THE NEW ATLAS – They represent a patient, concerted effort to compete with and eventually fully replace a nation’s existing sovereign institutions. This threat should not be underestimated nor should it be tolerated. And beyond a threat to national security,  these foreign-funded organisations attract and squander a nation’s human resources, while undermining the very legitimate and essential work performed by honest, locally-supported NGOs.

Exposing US-Funded “NGOs”
 
From Moscow to Myanmar, US-European funded organisations undermine the essential work of genuine NGOs.
August 9, 2016 The New Atlas 
A nongovernmental organisation (NGO) is described as a not-for-profit organisation independent from states and international governments. They are funded by donations and facilitated by volunteers drawn from the communities they serve.
Genuine NGOs fitting this description fulfil a vital role within the nations they work regarding issues including education, healthcare, the media, the environment, technology, and economic development.
They often perform their work in parallel with government organisations and may even cooperate with their national government. At other times, the provide a necessary but constructive check and balance to deficiencies present within a state.
However, NGOs can be abused. Foreign governments and financially motivated special interests can use the structure and appeal of NGOs as vectors to project unwarranted, coercive power and influence.
Funded not by the communities they claim to serve, but by these foreign interests, they often operate under the pretext of upholding the legitimate  roles and responsibilities of genuine NGOs while in reality undermining a targeted nation’s government, its people, its institutions, and national peace and stability. Ironically, such organisations also undermine the perceived legitimacy and effectiveness of real NGOs.
Foreign interests seek to do this for a number of reasons including pressuring a targeted government to make concessions regarding bilateral relations, competing with and eventually overrunning state institutions, and even replacing a nation’s entire government.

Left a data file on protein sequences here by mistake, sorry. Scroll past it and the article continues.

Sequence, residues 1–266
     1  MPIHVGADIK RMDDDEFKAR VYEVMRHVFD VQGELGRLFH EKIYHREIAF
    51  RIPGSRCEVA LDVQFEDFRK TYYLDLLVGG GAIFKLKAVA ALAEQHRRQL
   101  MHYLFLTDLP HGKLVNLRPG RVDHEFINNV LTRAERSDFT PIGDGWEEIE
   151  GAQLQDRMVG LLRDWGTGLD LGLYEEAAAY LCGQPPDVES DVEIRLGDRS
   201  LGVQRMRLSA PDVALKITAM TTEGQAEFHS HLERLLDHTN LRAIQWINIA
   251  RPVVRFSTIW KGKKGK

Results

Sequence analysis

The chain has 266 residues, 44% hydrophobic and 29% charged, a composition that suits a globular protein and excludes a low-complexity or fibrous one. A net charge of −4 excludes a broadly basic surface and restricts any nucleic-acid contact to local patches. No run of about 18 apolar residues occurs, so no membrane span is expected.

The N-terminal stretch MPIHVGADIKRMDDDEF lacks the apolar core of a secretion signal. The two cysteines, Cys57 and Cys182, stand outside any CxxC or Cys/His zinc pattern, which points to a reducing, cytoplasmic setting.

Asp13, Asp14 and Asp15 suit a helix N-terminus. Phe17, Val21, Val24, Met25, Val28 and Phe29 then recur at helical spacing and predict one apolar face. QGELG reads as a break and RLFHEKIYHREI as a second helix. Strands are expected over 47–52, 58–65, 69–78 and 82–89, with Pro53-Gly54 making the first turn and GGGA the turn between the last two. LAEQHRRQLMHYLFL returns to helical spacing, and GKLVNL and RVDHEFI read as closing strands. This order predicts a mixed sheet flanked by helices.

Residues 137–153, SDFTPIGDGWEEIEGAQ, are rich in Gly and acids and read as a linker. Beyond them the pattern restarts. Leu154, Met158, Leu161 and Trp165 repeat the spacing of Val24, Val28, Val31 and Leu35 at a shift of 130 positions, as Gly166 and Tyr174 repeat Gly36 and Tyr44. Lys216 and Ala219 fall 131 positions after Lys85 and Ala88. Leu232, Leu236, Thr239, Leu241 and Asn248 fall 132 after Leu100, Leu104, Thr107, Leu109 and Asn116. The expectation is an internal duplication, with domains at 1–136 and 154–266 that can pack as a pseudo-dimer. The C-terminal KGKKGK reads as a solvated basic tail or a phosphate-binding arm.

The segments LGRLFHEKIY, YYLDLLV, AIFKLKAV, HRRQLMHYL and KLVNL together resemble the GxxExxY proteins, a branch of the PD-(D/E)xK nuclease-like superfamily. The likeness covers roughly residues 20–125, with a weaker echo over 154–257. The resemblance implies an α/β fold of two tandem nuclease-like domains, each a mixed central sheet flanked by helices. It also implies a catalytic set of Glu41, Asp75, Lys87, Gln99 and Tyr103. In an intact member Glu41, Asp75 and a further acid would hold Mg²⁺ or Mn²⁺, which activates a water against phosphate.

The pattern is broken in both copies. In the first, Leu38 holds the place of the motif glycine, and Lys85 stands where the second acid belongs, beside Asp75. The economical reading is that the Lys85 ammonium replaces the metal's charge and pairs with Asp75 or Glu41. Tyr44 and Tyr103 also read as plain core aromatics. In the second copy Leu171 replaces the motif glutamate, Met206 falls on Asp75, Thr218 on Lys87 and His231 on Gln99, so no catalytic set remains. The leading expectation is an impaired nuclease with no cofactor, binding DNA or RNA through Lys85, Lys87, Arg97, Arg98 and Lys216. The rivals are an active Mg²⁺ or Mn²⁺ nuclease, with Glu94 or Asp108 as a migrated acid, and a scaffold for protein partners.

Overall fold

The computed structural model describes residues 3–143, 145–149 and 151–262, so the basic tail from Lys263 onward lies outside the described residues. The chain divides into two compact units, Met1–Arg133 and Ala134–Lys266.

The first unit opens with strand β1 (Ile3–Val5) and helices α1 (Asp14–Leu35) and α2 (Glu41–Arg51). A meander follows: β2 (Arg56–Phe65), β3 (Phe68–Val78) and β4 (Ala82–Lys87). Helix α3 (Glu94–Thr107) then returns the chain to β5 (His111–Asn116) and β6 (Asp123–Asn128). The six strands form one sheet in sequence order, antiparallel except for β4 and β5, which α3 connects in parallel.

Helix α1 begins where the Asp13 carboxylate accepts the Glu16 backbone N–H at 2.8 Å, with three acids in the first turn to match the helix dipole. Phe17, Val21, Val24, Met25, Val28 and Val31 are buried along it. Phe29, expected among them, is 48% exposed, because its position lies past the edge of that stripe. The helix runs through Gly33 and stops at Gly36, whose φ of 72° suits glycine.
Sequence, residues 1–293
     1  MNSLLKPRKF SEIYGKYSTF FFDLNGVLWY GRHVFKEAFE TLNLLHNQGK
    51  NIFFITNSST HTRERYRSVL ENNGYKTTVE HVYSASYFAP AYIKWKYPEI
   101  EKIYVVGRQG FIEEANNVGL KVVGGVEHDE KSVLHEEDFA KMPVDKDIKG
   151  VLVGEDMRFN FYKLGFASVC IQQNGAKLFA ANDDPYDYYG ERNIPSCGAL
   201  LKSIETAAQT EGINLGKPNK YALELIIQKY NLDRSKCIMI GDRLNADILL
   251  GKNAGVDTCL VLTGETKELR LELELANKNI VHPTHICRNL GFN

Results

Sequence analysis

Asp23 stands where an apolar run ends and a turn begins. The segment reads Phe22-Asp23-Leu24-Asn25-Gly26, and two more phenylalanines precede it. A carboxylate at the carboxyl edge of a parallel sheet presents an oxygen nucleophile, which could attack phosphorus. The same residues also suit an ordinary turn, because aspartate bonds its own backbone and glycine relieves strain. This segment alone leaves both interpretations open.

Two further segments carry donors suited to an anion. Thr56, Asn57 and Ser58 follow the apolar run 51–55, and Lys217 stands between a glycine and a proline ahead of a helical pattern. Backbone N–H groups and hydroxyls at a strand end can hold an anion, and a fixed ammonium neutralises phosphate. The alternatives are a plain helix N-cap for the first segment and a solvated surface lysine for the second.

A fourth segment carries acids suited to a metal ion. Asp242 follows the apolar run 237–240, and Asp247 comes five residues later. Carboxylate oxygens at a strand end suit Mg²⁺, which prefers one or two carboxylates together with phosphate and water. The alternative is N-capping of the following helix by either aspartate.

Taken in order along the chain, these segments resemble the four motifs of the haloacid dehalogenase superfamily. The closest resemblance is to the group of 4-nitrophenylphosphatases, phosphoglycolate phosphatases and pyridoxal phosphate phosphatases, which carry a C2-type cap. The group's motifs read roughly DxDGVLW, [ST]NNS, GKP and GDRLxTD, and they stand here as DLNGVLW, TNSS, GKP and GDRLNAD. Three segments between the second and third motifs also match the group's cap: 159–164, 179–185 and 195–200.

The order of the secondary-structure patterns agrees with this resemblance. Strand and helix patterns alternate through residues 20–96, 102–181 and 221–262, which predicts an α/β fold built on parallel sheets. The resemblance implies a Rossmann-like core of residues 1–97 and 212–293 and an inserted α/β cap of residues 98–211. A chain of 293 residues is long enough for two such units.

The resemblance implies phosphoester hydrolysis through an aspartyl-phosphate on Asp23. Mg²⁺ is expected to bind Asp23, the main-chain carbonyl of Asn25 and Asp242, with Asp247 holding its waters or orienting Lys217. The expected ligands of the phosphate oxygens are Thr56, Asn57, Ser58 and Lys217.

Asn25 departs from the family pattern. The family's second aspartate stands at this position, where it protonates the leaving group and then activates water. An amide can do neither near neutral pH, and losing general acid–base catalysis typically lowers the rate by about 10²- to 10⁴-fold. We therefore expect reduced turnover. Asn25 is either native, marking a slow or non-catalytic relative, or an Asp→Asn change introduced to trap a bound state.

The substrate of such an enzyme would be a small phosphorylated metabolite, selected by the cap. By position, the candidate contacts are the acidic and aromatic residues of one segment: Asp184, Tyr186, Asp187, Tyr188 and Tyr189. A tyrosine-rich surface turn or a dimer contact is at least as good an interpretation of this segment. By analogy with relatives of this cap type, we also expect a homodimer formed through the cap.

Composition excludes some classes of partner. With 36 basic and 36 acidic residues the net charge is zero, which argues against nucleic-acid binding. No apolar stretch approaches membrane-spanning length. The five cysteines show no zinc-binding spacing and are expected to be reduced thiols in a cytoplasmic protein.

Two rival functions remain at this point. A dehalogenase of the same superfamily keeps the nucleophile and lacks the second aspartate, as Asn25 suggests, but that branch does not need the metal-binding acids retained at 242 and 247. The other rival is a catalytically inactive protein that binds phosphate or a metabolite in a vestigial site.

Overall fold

How the US State Department Took Over Myanmar’s Ministry of Information 
An extreme example of this can be seen in Southeast Asia’s Myanmar, where the Ministry of Information is now firmly under the control of Pe Myint, trained in “journalism” by a US government-funded organisation posing as an NGO, called the Indochina Media Memorial Foundation.
Pe Myint is also a member of a political party supported by a large collection of US and British funded organisations (National Endowment for Democracy (NED), Open Society, USAID, etc.), which in turn was propelled into power during recent elections also influenced heavily by organisation posing as NGOs funded by these same foreign interests.
Previously an independent institution of Myanmar, the Ministry of Information is now firmly under the influence of the US State Department. This may explain uncharacteristic comments regarding “substandard democracy” published by a national newspaper it controls directed at neighbouring Thailand ahead of the August 7, 2016 Thai referendum.
Henceforth, the Ministry has been made to serve the best interests of the United States, not Myanmar, indicated by the fact that its recent comments only risk jeopardising what would otherwise be constructive and beneficial bilateral relations with Thailand.
In this example, foreign-funded organisations not only pressured the government of Myanmar to accept the conditions in which a foreign-backed opposition came to power, but these foreign-funded organisations also helped create an entirely parallel government that are now overwriting Myanmar’s sovereignty.
Recognise the Threat
These foreign-funded organisations masquerading as NGOs are more than just foreign-funded “charities,” “rights advocates,” or “media platforms.” This can be discerned simply by examining the intermediary organisations providing these groups money and examining the special interests and agendas they in turn serve.
The United State National Endowment for Democracy (NED) for example, lists amongits 2013 sponsors (.pdf) petrochemical giant Chevron, Wall Street’s Goldman Sachs, US State Department-connected and privacy usurping tech-giant Google and the US Chamber of Commerce which itself represents corporations ranging from defence contractors to oil companies to banks, as well as agricultural and pharmaceutical giants. Individual donors include pro-war Republican politicians including Frank Carlucci, Paula Dobriansky, Condoleezza Rice and Robert Zoellick.
(It would be exponentially more difficult for foreign funded organisatons posing as NGOs to attract volunteers and local support if the true nature of their funding was transparently and repeatedly disclosed to the communities they allegedly serve.)
NED’s board of directors represents a similar and troubling convergence of special interests who directly contradict the alleged purpose of both NED itself, and the many organisations it funds around the world.
Unfortunately, many people who work for foreign-funded organisations posing as NGOs are unaware of such facts. Senior leadership of these organisations often go through great lengths to conceal their foreign funding to avoid scrutiny and even in some cases, to avoid properly paying people who are led to believe no funds are available and thus are asked to “volunteer” to help. Those few who are aware of this funding, are usually unaware of who and what NED and other organisations like them truly represent.